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Review
, 847, 73-87

Autophagy and Aging

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Review

Autophagy and Aging

Nuria Martinez-Lopez et al. Adv Exp Med Biol.

Abstract

Autophagy is a critical quality control pathway that is conserved across diverse systems ranging from simple unicellular organisms like yeast to more complex systems, for instance mammals. Although, the fundamental role of autophagy is to maintain cellular quality control through lysosomal degradation of unwanted proteins and organelles, recent studies have mapped several new functions of this pathway that range from fuel utilization, cellular differentiation to protection against cell death. Given the importance of this pathway in maintaining cellular homeostasis, it has been considered that compromised autophagy could contribute to several of the commonly observed age-associated pathologies including neurodegeneration, reduction of muscle mass, cardiac malfunction, excessive lipid accumulation in tissues and glucose intolerance. The present chapter describes the two best-characterized autophagy pathways—macroautophagy and chaperone-mediated autophagy, and discusses how changes in these pathways associate with age-associated disorders. Understanding how to maintain “clean cells” by activation of autophagy could be an attractive strategy to maintain healthspan in aged individuals.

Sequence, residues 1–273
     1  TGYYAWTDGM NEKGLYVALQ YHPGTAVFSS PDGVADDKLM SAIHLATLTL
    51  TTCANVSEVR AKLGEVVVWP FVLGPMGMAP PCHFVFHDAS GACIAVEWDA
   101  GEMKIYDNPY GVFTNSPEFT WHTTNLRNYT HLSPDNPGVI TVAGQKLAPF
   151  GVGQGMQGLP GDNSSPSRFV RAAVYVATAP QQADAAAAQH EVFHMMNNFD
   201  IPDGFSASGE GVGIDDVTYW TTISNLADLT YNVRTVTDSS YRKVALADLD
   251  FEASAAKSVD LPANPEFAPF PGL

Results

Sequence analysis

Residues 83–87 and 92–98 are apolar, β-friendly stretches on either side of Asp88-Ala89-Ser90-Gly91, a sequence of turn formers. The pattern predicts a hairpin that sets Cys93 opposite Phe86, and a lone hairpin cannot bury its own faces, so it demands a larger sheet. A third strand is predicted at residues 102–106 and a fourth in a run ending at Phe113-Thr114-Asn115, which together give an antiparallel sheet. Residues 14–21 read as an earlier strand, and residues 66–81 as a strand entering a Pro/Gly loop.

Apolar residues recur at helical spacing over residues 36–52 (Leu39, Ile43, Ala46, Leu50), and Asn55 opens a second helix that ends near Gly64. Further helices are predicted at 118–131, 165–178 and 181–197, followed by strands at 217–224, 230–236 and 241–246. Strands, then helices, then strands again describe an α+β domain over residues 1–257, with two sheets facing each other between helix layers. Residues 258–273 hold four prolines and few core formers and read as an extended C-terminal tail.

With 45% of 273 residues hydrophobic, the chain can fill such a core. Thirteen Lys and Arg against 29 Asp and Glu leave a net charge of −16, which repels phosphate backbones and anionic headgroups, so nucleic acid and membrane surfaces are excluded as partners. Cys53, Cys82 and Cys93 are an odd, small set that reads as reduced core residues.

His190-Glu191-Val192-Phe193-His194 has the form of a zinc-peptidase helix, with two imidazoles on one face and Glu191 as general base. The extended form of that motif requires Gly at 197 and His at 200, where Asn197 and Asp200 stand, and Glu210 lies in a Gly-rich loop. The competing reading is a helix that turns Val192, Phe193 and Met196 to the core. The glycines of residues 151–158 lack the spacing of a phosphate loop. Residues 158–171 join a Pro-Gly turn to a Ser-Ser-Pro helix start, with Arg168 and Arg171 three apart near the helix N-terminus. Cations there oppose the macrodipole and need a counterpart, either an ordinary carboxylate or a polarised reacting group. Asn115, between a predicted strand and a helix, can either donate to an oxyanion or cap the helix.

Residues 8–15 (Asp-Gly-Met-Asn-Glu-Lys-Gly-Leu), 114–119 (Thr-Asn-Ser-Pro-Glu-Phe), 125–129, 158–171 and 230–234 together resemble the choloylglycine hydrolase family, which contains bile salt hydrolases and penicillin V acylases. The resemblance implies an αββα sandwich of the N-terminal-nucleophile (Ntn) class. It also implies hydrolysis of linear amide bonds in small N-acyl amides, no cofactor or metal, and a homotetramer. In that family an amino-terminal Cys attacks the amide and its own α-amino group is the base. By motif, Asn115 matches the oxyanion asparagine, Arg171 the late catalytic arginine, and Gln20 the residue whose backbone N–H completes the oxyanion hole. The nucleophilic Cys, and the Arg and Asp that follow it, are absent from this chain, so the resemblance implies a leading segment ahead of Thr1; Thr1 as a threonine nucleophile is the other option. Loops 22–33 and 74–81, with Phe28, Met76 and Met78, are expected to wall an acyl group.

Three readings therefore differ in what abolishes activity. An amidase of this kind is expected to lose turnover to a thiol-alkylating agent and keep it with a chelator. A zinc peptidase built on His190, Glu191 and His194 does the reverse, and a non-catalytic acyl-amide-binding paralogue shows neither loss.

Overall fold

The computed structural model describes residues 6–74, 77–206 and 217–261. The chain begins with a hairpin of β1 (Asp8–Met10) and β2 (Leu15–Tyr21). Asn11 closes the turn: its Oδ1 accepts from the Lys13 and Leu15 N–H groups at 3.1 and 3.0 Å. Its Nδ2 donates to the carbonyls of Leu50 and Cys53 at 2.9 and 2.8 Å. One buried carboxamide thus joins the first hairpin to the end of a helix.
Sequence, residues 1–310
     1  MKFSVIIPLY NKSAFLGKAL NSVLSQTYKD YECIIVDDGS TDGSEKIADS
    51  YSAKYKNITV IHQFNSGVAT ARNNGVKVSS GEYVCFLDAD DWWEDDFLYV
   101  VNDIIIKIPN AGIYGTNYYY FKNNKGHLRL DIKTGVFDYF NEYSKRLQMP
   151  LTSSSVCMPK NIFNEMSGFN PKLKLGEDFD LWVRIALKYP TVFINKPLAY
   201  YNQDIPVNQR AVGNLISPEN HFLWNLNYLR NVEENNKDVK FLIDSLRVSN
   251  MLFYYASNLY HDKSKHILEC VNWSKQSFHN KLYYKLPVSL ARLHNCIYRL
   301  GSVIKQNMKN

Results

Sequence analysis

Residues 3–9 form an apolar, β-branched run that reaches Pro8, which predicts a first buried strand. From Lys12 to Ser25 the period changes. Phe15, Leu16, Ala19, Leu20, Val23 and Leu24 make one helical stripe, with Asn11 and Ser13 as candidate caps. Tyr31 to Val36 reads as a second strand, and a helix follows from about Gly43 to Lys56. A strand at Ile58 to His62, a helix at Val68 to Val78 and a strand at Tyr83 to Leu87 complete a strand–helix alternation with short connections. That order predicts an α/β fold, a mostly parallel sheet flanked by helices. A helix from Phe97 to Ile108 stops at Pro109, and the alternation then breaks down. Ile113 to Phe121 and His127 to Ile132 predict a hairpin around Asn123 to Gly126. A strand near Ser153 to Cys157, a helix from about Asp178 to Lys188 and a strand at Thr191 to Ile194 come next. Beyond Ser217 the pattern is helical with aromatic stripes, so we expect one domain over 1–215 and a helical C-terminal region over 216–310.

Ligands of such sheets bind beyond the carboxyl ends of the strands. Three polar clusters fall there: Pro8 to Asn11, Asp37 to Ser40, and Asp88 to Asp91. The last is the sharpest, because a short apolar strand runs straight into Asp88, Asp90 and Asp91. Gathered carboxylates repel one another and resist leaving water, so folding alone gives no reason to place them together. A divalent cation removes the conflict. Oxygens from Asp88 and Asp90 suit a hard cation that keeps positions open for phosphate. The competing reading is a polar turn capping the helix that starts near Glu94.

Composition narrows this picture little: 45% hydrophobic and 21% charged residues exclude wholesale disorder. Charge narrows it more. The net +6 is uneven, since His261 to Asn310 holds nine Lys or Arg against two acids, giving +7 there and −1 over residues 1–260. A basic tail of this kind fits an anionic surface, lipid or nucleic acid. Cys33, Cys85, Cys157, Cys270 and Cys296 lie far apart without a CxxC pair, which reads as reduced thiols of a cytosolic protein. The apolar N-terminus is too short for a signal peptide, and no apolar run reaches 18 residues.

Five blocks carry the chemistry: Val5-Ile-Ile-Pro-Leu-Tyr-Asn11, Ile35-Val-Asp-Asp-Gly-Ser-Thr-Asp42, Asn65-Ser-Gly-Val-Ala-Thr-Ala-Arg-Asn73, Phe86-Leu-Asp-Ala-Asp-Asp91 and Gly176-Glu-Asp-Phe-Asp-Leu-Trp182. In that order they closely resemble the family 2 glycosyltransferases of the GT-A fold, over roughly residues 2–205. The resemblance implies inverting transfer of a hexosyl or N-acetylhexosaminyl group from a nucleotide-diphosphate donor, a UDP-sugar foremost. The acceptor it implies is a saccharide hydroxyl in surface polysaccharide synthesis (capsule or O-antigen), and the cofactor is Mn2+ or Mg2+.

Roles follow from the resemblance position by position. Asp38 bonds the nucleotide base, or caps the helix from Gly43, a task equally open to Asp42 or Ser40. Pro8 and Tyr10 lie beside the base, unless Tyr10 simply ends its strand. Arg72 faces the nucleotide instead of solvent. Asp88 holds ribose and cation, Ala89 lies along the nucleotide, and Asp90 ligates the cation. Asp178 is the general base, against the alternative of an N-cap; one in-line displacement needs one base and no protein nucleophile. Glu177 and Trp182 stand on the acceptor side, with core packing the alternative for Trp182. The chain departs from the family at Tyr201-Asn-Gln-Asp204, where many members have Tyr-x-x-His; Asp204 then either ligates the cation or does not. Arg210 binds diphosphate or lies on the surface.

Figures

Fig. 3.1
Fig. 3.1
Steps in the macroautophagy pathway. Macroautophagy is a cellular quality control mechanism that requires greater than 30 Atg gene products to deliver cytosolic cargo to lysosomes for their degradation. Starvation or stressors activate macroautophagy by increasing the interaction of Beclin1 with additional proteins to generate the Class III phosphoinositide 3-kinase (PI3K) complex, which gives rise to PI3Ps to recruit ATG proteins (e.g., ULK1) for autophagosome formation. Activation of ATG7 (E1-like ligase) forms the ATG5-ATG12 conjugate, which binds to ATG16L1 to form the ATG5-ATG12-ATG16L1 complex. ATG5-ATG12-ATG16L1 facilitates lipidation of cytosolic LC3-I into autophagosome membrane-bound LC3-II. LC3-II-positive autophagosomes engulf cargo and target it to lysosomes, wherein a battery of hydrolases degrades cargo into amino- and fatty acids. A tight regulatory crosstalk between the nutrient sensor mTOR and ULK1 orchestrates autophagy. Green arrows indicate activating steps and red arrows indicate inhibitory steps
Fig. 3.2
Fig. 3.2
Regulation of chaperone-mediated autophagy. Chaperone-mediated autophagy ensues by (1) recognition of substrate by the Hsc70/Co-chaperone complex followed by (2) binding of the substrate to the cytosolic portion of the LAMP-2A receptor. (3) Binding is followed by substrate unfolding, and along with additional regulatory proteins and lysosomal resident Hsc70 (Lys-Hsc70) the unfolded substrate is translocated across the lysosomal membrane substrate via LAMP-2A multimers for their degradation

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